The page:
Wednesday, March 30, 2011

Bishops' PR Calls For Break Between Catholic Church And Celtic FC

Bishops' PR Calls For Break Between Catholic Church And Celtic FC

Faith shouldn't follow a football team, says leading catholic

By Jenifer Johnston

The Catholic Church should question its 'outdated and offensive'
relationship with Celtic Football Cub and stop 'maintaining old
ideas in young minds'.

Peter Kearney, the official spokesman for Scottish Bishops, has
told the Sunday Herald he is 'sick and tired' of priests offering
prayers for Celtic victories at the end of Mass and the team's
players visiting Catholic schools.

He also wants an end to Celtic souvenirs being offered as prizes at
church events, saying the continuance of linking Catholics with
'one particular Glasgow football team' is 'outdated and offensive'.

Kearney, speaking in a personal capacity, said: 'It angers me when
I go to Mass and there's an announcement urging parishioners to buy
raffle tickets, perhaps for church repairs, and we're supposed to
rush forward because first prize is a football signed by all the
Celtic players.

'I've even seen football shirts from Italian clubs being offered as
prizes. Are we supposed to believe they're desirable because Italy
is a Catholic country? It would be laughable if it wasn't so

'Why do so many priests and Catholics still believe because we are
Catholic we're all card-carrying Celtic supporters? I've often
heard priests offering up prayers for a Celtic victory against
Rangers. Even if it's meant as a joke, it's still aligning
Catholics with one team.

'It also angers me when Catholic schools invite Celtic players to
address assemblies and have a kick-about with pupils. It's
maintaining old ideas with young minds and should be stopped. We
may as well tell Catholics to drive one particular model of car
because that's a Catholic car.'

Kearney's comments come two weeks before a conference to be held by
the anti-bigotry group, Sense Over Sectarianism .

The Catholic Church has been accused of political blackmail in
recent weeks for announcing that it will advise worshippers in the
run-up to the Scottish elections to vote against candidates who
oppose denominational schools.

A spokesman for the Nil By Mouth anti-bigotry group said Kearney
had made 'serious and valid points'.

He said: 'Celtic were of course founded by Irish Catholics and were
one of the few teams to accept Catholics as players. They have
since then gained fondness in the Catholic community.

'However, Celtic have stated in recent years that they are a non-
religious and non-political institution. I think Kearney's comments
are understandable if he thought this behaviour by priests is
inappropriate or unprofessional. There is an issue about
stereotyping supporters of one team or another.'

Kearney added that the Scottish Catholic identity should not be
continually linked with supporting Celtic.

'We should be proud of our Irish history, we should be proud of our
Scottish history, but we should be ashamed of linking our faith
with a football team, whichever it is.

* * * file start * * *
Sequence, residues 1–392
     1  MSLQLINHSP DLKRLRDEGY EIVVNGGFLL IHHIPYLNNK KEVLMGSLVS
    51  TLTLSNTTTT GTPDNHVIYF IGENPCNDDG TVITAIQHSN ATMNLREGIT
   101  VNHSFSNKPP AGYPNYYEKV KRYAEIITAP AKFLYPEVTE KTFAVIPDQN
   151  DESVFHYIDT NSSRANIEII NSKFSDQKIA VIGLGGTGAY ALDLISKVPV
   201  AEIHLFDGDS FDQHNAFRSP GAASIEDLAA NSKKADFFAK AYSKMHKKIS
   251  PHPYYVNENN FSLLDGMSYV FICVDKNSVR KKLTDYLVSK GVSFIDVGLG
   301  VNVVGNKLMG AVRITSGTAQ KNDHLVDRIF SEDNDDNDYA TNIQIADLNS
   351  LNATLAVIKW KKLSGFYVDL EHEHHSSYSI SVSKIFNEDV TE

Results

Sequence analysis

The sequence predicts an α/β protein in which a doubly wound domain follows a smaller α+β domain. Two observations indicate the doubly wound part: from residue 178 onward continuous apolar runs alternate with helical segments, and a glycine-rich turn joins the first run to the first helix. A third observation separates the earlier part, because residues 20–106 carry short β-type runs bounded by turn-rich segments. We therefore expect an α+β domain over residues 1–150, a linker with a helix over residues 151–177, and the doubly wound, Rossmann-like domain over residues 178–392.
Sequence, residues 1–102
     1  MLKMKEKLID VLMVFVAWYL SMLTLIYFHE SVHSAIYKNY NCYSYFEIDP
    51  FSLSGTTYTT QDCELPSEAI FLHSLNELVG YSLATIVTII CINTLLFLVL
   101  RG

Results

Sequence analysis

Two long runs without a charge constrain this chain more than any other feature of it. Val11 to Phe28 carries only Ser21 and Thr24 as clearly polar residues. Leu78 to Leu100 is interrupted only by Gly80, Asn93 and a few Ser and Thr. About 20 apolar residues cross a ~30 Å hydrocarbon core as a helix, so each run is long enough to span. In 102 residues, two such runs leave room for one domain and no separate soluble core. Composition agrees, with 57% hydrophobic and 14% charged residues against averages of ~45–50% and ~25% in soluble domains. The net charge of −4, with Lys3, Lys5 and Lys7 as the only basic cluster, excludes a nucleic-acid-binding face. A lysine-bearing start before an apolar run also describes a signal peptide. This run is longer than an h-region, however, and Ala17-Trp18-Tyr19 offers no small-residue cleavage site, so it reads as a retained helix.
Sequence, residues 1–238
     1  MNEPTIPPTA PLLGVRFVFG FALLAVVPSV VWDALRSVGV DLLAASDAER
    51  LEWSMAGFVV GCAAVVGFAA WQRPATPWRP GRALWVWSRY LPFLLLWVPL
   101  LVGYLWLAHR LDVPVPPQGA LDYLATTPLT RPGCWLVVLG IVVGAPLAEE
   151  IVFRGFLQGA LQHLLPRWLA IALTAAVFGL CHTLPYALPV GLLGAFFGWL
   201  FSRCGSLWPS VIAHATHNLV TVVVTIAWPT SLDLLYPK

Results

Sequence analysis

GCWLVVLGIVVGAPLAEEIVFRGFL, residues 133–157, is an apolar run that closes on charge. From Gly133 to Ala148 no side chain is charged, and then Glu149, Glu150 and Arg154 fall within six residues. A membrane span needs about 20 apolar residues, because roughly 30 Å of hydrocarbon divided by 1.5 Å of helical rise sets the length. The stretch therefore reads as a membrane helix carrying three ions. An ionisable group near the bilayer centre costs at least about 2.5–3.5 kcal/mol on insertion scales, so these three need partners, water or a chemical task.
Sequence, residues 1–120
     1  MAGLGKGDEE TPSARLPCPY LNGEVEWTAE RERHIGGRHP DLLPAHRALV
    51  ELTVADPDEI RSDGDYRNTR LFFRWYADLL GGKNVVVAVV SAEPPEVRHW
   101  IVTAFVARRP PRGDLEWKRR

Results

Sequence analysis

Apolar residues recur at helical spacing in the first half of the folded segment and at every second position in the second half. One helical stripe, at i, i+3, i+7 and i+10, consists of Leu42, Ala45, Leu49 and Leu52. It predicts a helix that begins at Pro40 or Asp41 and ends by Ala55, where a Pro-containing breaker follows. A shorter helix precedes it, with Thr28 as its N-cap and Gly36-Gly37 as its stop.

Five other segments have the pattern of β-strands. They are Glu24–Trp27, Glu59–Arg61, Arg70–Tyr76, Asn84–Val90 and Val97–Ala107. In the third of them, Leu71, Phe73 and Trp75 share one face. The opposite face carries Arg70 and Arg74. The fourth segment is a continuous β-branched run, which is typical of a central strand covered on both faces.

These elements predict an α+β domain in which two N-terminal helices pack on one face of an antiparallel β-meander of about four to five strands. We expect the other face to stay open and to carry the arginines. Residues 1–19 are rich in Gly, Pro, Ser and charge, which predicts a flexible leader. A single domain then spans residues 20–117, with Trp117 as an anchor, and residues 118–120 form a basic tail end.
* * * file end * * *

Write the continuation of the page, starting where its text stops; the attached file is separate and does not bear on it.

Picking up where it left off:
'There is a parish I know where the altar boys are Rangers
supporters. I wonder how they or their parents feel when they hear
prayers being offered up for a good Celtic victory on Saturday. I'd
rather we got away from promoting football altogether. It's a
minority pastime which gets far too much attention.'

Kearney denied Catholics with a strong Irish background would be
offended if Rangers souvenirs appeared in parish raffles. He said:
'I'm from an Irish background and it would not offend me or many
others I know.'

Yesterday, Celtic Football Club expressed surprise and bemusement
over Kearney's comments. Spokesman Iain Jamieson said he was unsure
what had prompted Kearney to lash out at the association between
club and church.

He said: 'Since our formation in 1888 Celtic have been open to all,
regardless of race, religion or political persuasion. Celtic make
charitable donations to a range of organisations based solely on
each organisation's aims. I would also stress that the club are
involved in several initiatives that aim to promote tolerance and
combat bigotry in all its forms. We already work with churches in
that respect and look forward to doing so in the future.'

Jamieson added that Celtic players were involved with sports
education programmes that brought together children from all faiths
(and none) in order to promote the sport of football.

The Rev Alan McDonald, convener of the Church Of Scotland's Church
And Nation Committee, said he could not comment on Kearney's views,
but added: 'The issue of bigotry, sectarianism and improving civic
life in Scotland is still very high on the agenda for the Church Of

Celtic have a historical link to the Catholic Church from their
founding days. In order to alleviate some of the poverty and
discrimination faced by Irish immigrants, an Irish Marist Brother
in Glasgow's east end set up a team to compete with the already-
established Rangers side.

Brother Walfrid established Celtic Football Club with two aims: to
raise funds to provide food for the poor in the east end; and to
halt the growing friction between the Irish community and native
Glaswegians. In his mind Celtic was a club to be supported
Protestant and Catholic, Scottish and Irish alike.

It was a source of great frustration for the priest that Celtic was
pronounced with a soft 'c' by the Irish immigrants who were
unfamiliar with the word, but he had chosen the name as a symbol of
both the Scottish and Irish identity.

Copyright © 2003 smg sunday newspapers ltd. no.176088
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